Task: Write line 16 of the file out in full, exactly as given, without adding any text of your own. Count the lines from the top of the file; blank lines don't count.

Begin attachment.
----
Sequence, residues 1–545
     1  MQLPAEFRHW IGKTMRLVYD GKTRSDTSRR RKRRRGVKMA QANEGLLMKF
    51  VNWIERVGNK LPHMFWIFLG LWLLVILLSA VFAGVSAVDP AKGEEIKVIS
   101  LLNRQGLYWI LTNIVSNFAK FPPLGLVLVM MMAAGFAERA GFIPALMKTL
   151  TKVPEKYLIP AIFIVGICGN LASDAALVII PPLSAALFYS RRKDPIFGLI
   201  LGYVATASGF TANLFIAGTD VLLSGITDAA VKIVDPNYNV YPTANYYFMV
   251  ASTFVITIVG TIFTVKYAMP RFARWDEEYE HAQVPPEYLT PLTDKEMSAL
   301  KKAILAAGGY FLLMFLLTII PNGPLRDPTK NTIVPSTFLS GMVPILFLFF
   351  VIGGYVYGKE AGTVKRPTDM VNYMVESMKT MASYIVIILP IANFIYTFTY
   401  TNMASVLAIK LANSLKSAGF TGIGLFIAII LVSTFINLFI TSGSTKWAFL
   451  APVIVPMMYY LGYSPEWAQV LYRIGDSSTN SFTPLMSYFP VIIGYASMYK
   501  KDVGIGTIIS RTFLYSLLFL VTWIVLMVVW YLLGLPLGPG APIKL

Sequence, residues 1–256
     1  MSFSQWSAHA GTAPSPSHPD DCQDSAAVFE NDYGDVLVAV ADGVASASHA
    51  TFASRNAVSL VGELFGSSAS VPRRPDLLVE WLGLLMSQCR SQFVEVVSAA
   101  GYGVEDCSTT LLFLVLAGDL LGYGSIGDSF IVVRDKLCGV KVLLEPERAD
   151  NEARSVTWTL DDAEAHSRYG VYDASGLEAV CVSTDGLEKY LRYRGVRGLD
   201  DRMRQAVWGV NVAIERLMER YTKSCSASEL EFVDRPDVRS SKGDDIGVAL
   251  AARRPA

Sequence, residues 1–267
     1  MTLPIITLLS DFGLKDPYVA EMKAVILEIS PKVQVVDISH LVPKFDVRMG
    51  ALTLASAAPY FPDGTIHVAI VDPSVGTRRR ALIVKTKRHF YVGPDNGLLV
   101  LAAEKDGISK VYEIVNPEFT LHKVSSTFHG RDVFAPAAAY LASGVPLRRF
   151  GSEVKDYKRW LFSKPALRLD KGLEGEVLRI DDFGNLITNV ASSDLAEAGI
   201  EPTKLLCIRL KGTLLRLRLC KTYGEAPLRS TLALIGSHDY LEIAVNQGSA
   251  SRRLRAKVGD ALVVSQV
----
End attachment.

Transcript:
   101  GYGVEDCSTT LLFLVLAGDL LGYGSIGDSF IVVRDKLCGV KVLLEPERAD